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ME60 V800R010C10SPC500 Feature Description - WAN Access 01

This is ME60 V800R010C10SPC500 Feature Description - WAN Access
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OSPF Local MT

OSPF Local MT

Background

When multicast and an IGP Shortcut-enabled MPLS TE tunnel are configured on a network, the outbound interface of the route calculated by an IGP may not be a physical interface but a TE tunnel interface. The TE tunnel interface on the Device sends multicast Join packets over a unicast route to the multicast source address. The multicast Join packets are transparent to the Device through which the TE tunnel passes. As a result, the Device through which the TE tunnel passes cannot generate multicast forwarding entries.

To resolve the problem, configure OSPF local multicast topology (MT) to create a multicast routing table for multicast packet forwarding.

Principles

On the network shown in Figure 6-18, multicast and an IGP Shortcut-enabled MPLS TE tunnel are configured, and the TE tunnel passes through Device B. As a result, Device B cannot generate multicast forwarding entries.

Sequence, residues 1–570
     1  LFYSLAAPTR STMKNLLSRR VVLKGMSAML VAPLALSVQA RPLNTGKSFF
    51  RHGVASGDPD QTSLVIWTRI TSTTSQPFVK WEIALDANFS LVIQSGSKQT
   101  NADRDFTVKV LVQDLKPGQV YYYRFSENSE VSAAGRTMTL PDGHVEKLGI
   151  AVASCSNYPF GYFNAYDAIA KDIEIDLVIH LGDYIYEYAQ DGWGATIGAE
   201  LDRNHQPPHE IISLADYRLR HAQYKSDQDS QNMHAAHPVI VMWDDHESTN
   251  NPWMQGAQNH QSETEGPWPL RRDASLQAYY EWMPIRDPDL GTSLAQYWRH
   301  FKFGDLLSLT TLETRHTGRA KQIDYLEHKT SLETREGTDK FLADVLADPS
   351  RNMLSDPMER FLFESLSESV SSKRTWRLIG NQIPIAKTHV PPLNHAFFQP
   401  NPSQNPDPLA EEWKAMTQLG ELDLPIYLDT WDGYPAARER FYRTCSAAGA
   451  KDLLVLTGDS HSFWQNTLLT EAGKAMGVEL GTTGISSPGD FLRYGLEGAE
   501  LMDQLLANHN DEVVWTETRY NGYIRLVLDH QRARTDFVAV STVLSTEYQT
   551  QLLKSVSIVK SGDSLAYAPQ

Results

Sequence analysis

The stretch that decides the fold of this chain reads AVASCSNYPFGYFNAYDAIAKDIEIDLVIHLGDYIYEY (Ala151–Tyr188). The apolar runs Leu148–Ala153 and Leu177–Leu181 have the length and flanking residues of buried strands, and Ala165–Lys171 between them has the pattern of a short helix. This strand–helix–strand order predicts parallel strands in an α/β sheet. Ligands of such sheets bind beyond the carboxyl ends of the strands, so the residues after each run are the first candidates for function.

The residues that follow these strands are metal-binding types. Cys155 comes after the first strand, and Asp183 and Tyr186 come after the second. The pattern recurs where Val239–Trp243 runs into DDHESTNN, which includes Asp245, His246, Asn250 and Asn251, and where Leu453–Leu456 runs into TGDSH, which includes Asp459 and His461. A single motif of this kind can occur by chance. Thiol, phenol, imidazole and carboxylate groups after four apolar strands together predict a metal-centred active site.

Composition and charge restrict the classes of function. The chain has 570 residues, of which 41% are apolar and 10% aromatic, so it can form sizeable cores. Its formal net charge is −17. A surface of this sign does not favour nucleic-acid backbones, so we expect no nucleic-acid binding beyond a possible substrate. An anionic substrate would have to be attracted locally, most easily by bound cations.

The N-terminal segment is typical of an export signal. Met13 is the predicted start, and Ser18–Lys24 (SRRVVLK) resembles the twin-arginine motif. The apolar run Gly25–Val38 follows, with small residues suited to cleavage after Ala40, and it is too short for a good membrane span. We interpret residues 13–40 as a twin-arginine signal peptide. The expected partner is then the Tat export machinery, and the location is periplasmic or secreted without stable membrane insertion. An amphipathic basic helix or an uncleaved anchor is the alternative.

Figure 6-18 OSPF Local MT

Since the TE tunnel is unidirectional, multicast data packets from the multicast source are sent to a physical interface of Device B. Device B discards these packets, because Device B has no multicast forwarding entry. As a result, services are interrupted.

After local MT is enabled, if the outbound interface of a calculated route is an IGP Shortcut-enabled TE tunnel interface, the route management (RM) module creates an independent Multicast IGP (MIGP) routing table for the multicast protocol, calculates a physical outbound interface for the route, and adds the route to the MIGP routing table. Multicast packets are then forwarded along this route.

After receiving multicast Join packets from Client, interface 1 on Device A forwards these packets to Device B. With local MT enabled, Device B can generate multicast forwarding entries.

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Updated: 2019-01-04

Document ID: EDOC1100059473

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